Canada’s largest Protestant church has identified three Israeli companies it may target for a boycott over the firms’ operations in Jewish settlements in the occupied Palestinian territories.

The United Church of Canada has identified cosmetics company Ahava and home and garden goods manufacturer Keter Plastic as companies doing business in “illegal Israeli settlements,” along with SodaStream, a company that makes home carbonation equipment for soft drinks.

Over the next several months, the United Church will engage in dialogue with these companies regarding their involvement in the settlements and request that they cease all production in the settlements,” the United Church said in a statement last week. “They will be informed that failure to do so will result in economic action against their products.”

The church's General Council approved a report last summer that called the Israeli occupation "the primary contributor to the injustice that underlies the violence of the region" and called the settlements "a serious obstacle" to peace.

The church plans to initiate a dialogue with Canadian retailers carrying the Israeli companies’ products. It lists Canadian Tire, Costco, Future Shop, Home Depot, Rona, Sears, The Bay and Walmart among those retailers.

If the church is unhappy with the responses coming from the companies and retailers, it will urge church members to take up a boycott starting this fall.

But supporters of Canadian-Israeli trade say a boycott of these companies would only hurt the Palestinians it’s meant to aid.

The Centre for Israel and Jewish Affairs (CIJA) says the targeted companies employ “hundreds” of Palestinians and boycotting them would harm their livelihoods.

The church’s position, “which claims to advance Palestinian aspirations by increasing the number of unemployed Palestinians, can only be described as intellectually dishonest,” CIJA said, as quoted by the Jewish Telegraphic Agency.

“Its goal seems to be the self-satisfaction of the (church’s) General Council rather than an improvement in the life of the average Palestinian.”

CIJA has launched a counteroffensive “buycott” imploring consumers to purchase products made by the companies targeted by the potential boycott.

Israeli settlements in the occupied territories are generally considered illegal under international law, both due to UN resolutions calling for their dismantling, as well as the Fourth Geneva Convention, which forbids the resettlement of a country’s citizens to territories it occupies.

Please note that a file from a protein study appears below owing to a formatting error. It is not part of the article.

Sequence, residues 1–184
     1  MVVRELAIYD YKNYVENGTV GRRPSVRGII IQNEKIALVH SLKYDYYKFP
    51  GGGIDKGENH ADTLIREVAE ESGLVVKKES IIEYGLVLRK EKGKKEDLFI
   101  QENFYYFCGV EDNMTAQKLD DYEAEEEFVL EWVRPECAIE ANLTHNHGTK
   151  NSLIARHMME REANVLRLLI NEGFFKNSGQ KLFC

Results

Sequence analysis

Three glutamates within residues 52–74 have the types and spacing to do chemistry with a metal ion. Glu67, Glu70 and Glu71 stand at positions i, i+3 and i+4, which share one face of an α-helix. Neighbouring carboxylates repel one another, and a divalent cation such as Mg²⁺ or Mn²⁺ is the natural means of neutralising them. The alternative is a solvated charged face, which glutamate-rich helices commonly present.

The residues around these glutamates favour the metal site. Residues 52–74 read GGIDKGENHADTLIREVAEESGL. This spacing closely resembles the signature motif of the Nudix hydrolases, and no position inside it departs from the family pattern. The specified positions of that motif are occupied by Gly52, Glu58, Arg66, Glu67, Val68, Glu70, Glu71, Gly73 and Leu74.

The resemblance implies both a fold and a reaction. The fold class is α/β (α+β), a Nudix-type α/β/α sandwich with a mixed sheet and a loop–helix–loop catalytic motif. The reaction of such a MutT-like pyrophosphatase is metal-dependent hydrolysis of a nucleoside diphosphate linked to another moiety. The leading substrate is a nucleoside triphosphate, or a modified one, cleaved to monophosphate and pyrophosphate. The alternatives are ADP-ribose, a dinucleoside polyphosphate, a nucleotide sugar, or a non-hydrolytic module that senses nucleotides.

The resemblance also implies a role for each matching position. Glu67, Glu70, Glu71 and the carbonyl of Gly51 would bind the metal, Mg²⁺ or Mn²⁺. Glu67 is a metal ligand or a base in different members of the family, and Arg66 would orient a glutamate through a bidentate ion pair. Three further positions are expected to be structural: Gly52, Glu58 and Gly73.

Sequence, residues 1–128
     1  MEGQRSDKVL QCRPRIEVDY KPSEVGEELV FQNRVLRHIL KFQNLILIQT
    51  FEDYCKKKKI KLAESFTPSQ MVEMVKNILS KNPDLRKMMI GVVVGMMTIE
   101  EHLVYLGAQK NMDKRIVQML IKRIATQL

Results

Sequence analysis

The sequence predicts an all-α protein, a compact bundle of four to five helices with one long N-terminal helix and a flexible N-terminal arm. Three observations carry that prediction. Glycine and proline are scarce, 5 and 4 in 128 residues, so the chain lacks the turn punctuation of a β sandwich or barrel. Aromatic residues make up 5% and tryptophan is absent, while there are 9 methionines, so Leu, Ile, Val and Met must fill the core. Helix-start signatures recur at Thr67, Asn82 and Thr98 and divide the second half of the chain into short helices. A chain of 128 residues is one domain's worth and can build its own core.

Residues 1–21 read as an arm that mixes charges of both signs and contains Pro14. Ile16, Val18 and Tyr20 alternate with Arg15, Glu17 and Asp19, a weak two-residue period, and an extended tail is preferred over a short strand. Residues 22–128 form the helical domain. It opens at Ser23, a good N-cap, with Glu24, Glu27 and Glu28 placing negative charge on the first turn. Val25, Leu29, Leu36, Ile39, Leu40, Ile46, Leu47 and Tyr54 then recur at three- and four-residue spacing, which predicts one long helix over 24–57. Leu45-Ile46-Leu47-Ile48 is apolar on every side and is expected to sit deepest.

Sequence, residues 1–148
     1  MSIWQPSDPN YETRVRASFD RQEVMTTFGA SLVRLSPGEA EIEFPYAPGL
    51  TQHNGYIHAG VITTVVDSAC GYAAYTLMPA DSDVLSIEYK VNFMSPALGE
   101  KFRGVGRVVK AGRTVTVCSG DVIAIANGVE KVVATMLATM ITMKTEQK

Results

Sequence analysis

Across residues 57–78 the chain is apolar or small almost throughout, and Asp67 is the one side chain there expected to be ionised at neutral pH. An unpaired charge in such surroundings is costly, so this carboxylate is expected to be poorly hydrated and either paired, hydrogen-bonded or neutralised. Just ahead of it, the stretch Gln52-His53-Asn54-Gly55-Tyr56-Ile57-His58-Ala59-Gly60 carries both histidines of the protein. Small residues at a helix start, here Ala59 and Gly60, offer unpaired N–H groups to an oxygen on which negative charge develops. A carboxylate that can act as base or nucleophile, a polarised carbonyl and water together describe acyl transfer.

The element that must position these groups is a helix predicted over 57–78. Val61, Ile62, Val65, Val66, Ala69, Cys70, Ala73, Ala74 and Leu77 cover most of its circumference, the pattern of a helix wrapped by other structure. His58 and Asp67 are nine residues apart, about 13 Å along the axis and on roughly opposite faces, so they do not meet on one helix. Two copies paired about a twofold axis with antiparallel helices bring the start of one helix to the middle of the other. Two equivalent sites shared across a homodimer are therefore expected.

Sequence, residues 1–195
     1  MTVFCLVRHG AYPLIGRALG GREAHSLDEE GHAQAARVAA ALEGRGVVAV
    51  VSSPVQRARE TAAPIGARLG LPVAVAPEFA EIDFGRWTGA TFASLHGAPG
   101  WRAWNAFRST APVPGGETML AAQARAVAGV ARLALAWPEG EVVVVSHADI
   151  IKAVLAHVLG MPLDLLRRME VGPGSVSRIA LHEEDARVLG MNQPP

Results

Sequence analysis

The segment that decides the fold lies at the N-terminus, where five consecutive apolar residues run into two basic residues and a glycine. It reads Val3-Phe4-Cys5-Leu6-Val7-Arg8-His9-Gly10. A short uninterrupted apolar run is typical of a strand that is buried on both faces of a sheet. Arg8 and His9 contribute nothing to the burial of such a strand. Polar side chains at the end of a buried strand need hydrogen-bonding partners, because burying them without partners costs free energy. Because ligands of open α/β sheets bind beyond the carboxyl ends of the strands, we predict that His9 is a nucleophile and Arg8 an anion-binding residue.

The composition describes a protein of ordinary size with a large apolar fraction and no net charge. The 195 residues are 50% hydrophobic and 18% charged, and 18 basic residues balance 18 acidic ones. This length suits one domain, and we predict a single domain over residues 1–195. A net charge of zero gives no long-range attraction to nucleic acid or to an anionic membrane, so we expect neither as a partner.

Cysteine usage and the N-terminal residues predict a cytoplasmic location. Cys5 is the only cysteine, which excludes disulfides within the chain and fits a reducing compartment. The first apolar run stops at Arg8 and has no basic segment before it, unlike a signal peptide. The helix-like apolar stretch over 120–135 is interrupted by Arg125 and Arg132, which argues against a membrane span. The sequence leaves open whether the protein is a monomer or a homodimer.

Canada has had a free trade agreement with Israel since 1996, and the bilateral trade relationship is estimated to be worth about $1.24 billion annually, as of 2005.

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    China's foreign minister reaffirmed support for Palestinian aspirations at the U.N. during a meeting last Friday with a Palestinian envoy. <em>Caption: Bassam al-Salhi (L), the general secretary of the Palestinian People's Party, shakes hands with Chinese Foreign Minister Yang Jiechi (R) during their meeting at the Foreign Ministry building in Beijing on November 23, 2012. (MARK RALSTON/AFP/Getty Images)</em>

  • France: In Favor

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  • Austria: In Favor

    Martin Weiss, Austria's foreign ministry spokesman, said the country decided to vote for the resolution after it became clear there would be no common EU position. <em>Caption: Palestinian president Mahmud Abbas (L) shakes hands with Austrian Chancellor Werner Faymann on November 28, 2011 in Vienna. (DIETER NAGL/AFP/Getty Images)</em>

  • India: In Favor

    <em>Caption: Indian Prime Minister Manmohan Singh (R) shakes hands with Palestinian president Mahmud Abbas (L) after a joint press statement in New Delhi on September 11, 2012. (RAVEENDRAN/AFP/GettyImages)</em>

  • Russia: Probably In Favor

    Russia supported Palestinian membership in the U.N. cultural agency, UNESCO. The Russian Foreign Ministry said the country "believes that the Palestinians have the right for such a move" but it added "we hope that the Palestinian leadership has well calculated possible consequences of such action." <em>In this handout image supplied by the Palestinian Press Office (PPO) Mahmoud Abbas (R), the President of Palestinian authority and Vladimir Putin, the President of Russian Federation, speak at the Presidential Palace, on June 26, 2012 in Bethlehem, West Bank. (PPO via Getty Images)</em>

  • Norway: In Favor

    <em>Caption: RAMALLAH, WEST BANK - JANUARY 12: Palestinian President Mahmoud Abbas (R) meets Norway's Foreign Minister Jonas Gahr Stoere during a meeting on January 12, 2012 in Ramallah, West Bank. (Mohamad Torokman - Pool/Getty Images)</em>

  • Denmark: In Favor

    <em>Caption: In this handout image supplied by the Palestinian President's Office (PPO), Palestinian Authority President Mahmoud Abbas meets with Prime Minister of Denmark Helle Thorning-Schmidt on September 26, 2012 in New York City. (Thaer Ghanaim-PPO/Getty Images)</em>

  • Switzerland: In Favor

    The Swiss government called a change in status "both constructive and pragmatic." <em>Caption: Swiss President Eveline Widmer-Schlumpf (R) speaks with Palestinian President Mahmud Abbas during an official visit to Switzerland on November 15, 2012 in Bern. (FABRICE COFFRINI/AFP/Getty Images)</em>

  • Spain: In Favor

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  • United States: Opposed

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  • Netherlands: Probably Opposed

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  • Australia: Abstain

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